Graduate students and Postdocs wondering how to navigate the job market?

Join our first +My Grad Skills Virtual Career Café for a live Q&A session with Maurice Fernandes, Manager, HR Brand and Social Media, Ceridian:

https://m.youtube.com/watch?v=xFBDmimEs5o

If you can't make the live-stream, we'll be archiving it (and future virtual career cafés) at mygradskills.com

Check out the site for blogs, online professional development modules, and more!

---

photo by ddpavumba on FreeDigitalPhotos.net
___

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2015-02-18 05:49:00 (12 comments; 15 reshares; 91 +1s)Open 

Happy Birthday Alessandro Volta!

+Google doodler Mark Holmes describes the background and process for designing his wonderful second doodle, a birthday tribute to Alessandro Volta, the scientist who invented the first electronic battery, and after whom the word volt (V) was named. Holmes gives a great description of how the idea came about (featuring Luigi Galvani, after whom the term galvanic was named).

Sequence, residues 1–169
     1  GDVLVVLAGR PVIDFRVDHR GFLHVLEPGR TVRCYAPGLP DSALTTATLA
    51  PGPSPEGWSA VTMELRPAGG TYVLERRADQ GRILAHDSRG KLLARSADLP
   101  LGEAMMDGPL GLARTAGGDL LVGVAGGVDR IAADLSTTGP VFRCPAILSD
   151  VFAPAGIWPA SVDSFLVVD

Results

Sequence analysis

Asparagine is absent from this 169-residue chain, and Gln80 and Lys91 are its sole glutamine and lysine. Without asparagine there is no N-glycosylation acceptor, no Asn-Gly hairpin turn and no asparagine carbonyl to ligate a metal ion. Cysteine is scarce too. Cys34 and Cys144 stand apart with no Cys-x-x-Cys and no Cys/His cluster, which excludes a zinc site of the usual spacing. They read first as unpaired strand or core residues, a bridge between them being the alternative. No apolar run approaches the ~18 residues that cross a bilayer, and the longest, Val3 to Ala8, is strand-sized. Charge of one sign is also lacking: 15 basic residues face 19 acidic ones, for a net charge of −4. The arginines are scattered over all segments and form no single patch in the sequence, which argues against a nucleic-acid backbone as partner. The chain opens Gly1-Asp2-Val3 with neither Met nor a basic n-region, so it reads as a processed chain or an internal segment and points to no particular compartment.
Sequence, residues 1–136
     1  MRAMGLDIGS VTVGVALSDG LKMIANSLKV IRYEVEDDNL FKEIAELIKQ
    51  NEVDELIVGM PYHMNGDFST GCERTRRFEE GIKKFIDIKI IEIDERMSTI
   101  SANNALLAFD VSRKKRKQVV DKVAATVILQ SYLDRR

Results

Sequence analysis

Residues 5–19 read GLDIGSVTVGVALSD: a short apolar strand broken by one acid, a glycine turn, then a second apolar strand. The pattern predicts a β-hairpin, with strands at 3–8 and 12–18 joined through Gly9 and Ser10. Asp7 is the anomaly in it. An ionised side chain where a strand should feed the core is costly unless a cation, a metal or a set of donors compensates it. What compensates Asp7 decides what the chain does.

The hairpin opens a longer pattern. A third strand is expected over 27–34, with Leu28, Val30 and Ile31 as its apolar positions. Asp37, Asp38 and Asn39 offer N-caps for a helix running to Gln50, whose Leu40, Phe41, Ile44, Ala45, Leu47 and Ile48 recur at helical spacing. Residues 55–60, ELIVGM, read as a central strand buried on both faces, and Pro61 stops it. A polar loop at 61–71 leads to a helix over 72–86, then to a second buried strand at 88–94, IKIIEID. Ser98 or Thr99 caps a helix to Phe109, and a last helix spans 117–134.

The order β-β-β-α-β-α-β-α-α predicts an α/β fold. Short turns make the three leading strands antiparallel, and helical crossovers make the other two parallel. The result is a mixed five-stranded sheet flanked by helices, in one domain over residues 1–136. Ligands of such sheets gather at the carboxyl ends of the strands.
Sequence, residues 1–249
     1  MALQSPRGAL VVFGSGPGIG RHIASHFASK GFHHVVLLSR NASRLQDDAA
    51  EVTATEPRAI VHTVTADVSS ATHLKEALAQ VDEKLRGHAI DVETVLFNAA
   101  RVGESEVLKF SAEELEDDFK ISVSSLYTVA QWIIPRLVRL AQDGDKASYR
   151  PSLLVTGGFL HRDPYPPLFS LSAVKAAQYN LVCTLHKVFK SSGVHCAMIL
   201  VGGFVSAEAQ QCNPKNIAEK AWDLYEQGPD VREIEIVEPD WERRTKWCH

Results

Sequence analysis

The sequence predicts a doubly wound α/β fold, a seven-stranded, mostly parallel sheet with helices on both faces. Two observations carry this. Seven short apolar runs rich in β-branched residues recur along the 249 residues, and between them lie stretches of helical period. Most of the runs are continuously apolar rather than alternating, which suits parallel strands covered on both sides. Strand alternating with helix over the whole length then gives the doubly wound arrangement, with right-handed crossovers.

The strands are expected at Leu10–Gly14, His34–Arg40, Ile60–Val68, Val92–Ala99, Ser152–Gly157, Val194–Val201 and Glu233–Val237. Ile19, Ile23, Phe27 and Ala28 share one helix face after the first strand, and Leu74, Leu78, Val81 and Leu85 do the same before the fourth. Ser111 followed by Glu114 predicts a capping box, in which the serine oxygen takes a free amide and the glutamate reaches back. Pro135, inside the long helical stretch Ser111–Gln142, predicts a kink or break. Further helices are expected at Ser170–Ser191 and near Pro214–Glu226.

An excerpt of Holmes' post is below, but read the whole thing here: ttp://goo.gl/HU93l0

To my surprise this discovery almost came by accident while Volta and his friend Galvani, an anatomy professor, were dissecting a frog. When the animal’s legs unexpectedly twitched from an electrical discharge, Galvani went on to hypothesize that animals generated their own electricity, a theory that would eventually go on to inspire Mary Shelly’s novel,‘Fr... more »

Happy Birthday Alessandro Volta!

+Google doodler Mark Holmes describes the background and process for designing his wonderful second doodle, a birthday tribute to Alessandro Volta, the scientist who invented the first electronic battery, and after whom the word volt (V) was named. Holmes gives a great description of how the idea came about (featuring Luigi Galvani, after whom the term galvanic was named).

An excerpt of Holmes' post is below, but read the whole thing here: ttp://goo.gl/HU93l0